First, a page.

Douglass thought so. He was a relentless critic of American racism, but also a radical patriot who truly believed in American democratic ideals. So, too, did the prolific African-American writer James Baldwin, who wrote in Notes of a Native Son (1955), “I love America more than any other country in this world, and, exactly for this reason, I insist on the right to criticize her perpetually.”

But majorities don’t always see these critiques as a form of patriotism, or even as collective efforts to build a better future for us all. Here in Canada, recent research by Allison Harell, Keith Banting, Will Kymlicka and Rebecca Wallace demonstrates that majorities tend to view minority groups – immigrants, francophone Canadians and Indigenous peoples – as less committed to the country, and hence as less deserving of efforts to redistribute wealth, even when they are seen as genuinely in need and not responsible for the disadvantages they face. This conclusion speaks that which many racialized and Indigenous people already know: White (anglophone) Canadians are primed to see even the most well-founded, empirically based criticisms of Canada as un-Canadian.

Some even think these criticisms are, themselves, a threat to democratic stability. Quebec Premier François Legault, for example, has repeatedly refused to acknowledge that systemic racism exists in the province and has instead used the term “woke” as a disparaging slur. “For me, a woke is someone who wants to make us feel guilty about defending the Quebec nation, of defending its values as we did with Bill 21, of defending our jurisdictions,” he said last September, adding, “A woke is someone who sees discrimination everywhere.”

Of course, it wasn’t the “wokes” who, with the Canadian flag draped on every trailer truck, shut down the nation’s capital less than six months ago; a good reminder that “Canadian pride” hasn’t always been mobilized in the service of democratic politics.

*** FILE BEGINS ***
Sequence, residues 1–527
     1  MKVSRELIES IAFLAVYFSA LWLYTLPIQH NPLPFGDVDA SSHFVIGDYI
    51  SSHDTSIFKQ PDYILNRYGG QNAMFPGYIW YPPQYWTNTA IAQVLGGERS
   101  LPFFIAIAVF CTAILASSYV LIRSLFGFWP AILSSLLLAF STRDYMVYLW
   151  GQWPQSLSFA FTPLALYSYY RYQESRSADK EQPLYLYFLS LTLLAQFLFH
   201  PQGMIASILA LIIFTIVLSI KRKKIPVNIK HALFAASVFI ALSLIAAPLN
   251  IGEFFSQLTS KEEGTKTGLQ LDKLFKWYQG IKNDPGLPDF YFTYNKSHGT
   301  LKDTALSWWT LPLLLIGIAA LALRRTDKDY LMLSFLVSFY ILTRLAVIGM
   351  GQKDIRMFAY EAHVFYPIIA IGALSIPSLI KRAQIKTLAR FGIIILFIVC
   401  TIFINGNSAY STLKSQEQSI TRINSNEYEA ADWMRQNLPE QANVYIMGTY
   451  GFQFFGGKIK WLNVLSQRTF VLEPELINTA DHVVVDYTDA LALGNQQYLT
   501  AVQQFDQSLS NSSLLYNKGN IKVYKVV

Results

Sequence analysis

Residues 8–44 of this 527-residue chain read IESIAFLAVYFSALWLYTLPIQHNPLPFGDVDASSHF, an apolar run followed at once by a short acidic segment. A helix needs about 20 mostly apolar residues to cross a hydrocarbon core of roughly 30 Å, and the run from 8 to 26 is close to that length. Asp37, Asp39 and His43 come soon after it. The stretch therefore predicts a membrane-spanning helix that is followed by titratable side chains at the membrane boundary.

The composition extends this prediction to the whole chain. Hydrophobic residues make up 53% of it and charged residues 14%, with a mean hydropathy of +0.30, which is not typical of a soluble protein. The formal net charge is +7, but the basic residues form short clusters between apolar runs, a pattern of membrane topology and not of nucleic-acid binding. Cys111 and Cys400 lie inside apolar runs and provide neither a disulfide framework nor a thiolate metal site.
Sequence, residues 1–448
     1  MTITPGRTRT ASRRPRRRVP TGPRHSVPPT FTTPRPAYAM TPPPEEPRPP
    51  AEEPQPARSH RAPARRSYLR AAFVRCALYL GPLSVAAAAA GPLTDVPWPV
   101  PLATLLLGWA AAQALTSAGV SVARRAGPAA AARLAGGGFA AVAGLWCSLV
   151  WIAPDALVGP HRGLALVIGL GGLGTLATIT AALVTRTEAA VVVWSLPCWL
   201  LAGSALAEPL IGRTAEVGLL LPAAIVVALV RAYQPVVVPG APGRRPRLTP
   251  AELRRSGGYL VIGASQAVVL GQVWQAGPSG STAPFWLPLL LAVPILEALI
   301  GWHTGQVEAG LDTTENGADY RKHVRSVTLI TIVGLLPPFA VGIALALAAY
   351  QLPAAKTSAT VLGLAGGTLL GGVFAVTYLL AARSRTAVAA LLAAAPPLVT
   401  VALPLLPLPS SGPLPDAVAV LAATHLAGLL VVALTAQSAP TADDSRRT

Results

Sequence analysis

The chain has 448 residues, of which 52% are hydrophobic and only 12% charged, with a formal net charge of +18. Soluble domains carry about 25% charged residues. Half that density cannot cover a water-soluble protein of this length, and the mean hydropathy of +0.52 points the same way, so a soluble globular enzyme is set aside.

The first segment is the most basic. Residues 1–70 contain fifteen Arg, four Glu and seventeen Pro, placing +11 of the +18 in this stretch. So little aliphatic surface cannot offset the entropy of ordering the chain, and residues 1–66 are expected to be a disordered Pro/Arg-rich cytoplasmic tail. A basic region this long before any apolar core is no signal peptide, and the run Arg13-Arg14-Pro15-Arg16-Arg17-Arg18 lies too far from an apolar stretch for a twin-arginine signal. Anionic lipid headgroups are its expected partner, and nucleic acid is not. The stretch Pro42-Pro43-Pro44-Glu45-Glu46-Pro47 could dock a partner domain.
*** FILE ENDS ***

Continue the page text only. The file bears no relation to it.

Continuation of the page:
It has been a year of political turmoil, and so perhaps the call for a more honest reflection of our nation hits a little differently now. But, as Yale historian and Douglass biographer David Blight points out, Douglass made his speech at an extraordinary moment of political turmoil: two years after the Fugitive Slave Act, on the eve of the 1852 presidential election, amid rising abolitionist sentiment and mobilization, nativist forces that had begun to coalesce in party politics, and seething tensions that had not wholly been abated by the political Compromise of 1850.

“From the round top of your ship of state,” Douglass warned, “dark and threatening clouds may be seen.” He noted that given the uncertainty of the times, some in his audience would encourage more moderation and persuasion and less passion and fury, lest he alienate those he sought to convert.

What Douglass knew then, and what remains true today, is that words left unsaid transform into deeds left undone. To paraphrase Douglass, a country that is false to the past will not only remain false to the present but will also solemnly bind itself to be false to the future.

I am not convinced, as Douglass and James Baldwin sometimes seemed to be, that the necessary critiques of and reflections about Canadian history and nationalism must come from a place of love for this country. To be blunt, not all of the searing criticisms levelled at Canada in recent years have been requests for inclusion into our country as it exists today. Instead, many critiques emerge from more radical demands that seek to unravel the status quo, unsettle what we think we know about who we are, and imagine an entirely different world. Black Lives Matter. No One is Illegal. Land Back.

Perhaps, instead, what binds us together – the critics, the patriots and the dreamers – is hope for what we might become. Douglass found hope in the thought that the U.S. was still young and impressionable in 1852. In 2022, there is, at the very least, hope that Canada is turning 155 and still, at times begrudgingly, learning.